In 1995, French anthropologist Marc Augé coined the neologism ‘non-place’ to describe places that are not a destination but spaces of passing; lacking meaning and history, with which humans do not experientially relate to in an intimate sense. IGNANT has digitally-rendered these functional and highly visual spatial productions as fugitive glimpses of a pristine world—as desolate, transient public places, characterized by concrete and artificial surfaces. We set out to show how the new HP Elite Dragonfly portable laptop may transform these spaces of transition, by reappropriating and reassessing our notions of place.
Found throughout our urban landscapes, ‘non-places’ are generic transitory spaces that individuals experience routinely—they are airports, passageways, hotel lobbies, elevators. As portable devices such as laptops, tablets and smartphones, become progressively more present in our everyday life, they inevitably mediate our experience of space. If the idea of place is associated with location and our engagement with space, can the portability of a laptop instill a different sense of ‘non-places’?
Primarily developed for business purposes, the ultra-thin convertible laptop provides portability and practicality to meet the demands of business travel behavior—it is designed to be easily carried, folded, and tucked away, with no compromises on performance or battery life. Its portable property gives the laptop not only a new level of comfort and a sense of freedom, but makes it an active participant in the creation and experience of space: it opens up ‘non-places’ to new interpretations that combine digital and physical spaces.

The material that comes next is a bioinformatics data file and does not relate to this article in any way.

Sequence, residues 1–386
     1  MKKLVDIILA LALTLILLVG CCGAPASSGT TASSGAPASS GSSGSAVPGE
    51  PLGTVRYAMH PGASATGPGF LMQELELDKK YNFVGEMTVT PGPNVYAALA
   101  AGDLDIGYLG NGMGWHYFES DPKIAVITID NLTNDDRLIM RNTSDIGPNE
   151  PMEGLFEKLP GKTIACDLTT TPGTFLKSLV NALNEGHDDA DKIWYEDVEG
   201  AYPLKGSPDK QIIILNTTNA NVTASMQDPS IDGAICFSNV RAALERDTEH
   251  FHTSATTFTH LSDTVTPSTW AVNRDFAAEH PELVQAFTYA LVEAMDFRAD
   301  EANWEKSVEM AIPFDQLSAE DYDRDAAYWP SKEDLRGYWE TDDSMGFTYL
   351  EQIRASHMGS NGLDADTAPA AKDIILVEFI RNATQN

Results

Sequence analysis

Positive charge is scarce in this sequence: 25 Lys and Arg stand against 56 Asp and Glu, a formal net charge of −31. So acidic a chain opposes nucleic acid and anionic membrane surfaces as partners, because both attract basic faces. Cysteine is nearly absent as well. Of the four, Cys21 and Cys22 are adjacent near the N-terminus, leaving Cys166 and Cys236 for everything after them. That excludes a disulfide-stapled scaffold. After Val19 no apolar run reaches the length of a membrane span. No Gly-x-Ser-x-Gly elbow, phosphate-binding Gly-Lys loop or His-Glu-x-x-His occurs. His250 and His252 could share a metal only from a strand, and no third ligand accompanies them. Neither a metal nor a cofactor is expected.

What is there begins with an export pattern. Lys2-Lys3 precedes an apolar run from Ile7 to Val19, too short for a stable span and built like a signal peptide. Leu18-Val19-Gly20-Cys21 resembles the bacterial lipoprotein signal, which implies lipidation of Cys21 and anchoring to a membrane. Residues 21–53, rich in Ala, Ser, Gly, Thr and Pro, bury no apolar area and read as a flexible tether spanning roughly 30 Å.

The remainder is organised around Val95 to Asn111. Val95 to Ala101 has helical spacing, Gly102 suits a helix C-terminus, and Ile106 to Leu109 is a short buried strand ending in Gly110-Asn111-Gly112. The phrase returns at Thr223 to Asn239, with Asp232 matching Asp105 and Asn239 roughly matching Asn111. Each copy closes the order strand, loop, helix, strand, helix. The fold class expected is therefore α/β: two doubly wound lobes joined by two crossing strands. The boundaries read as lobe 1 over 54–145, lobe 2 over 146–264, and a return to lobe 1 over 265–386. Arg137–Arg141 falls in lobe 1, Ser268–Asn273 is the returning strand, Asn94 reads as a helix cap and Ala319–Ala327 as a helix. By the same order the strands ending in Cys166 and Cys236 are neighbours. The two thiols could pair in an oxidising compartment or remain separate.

As the HP laptop transforms this set of spaces, new possibilities of place and ‘non-place’ are formed.
As the device crosses the different digitally-rendered sceneries, it emigrates workspaces into new locations, making offices in non-place; outside the confines of proper business spaces. Users are given the ability to differently perceive and engage with their location; as such, a new sense of place can be established in individuals, one that is created through their own physical location and through engagement with the portable device. As the HP laptop transforms this set of spaces, new possibilities of place and ‘non-place’ are formed.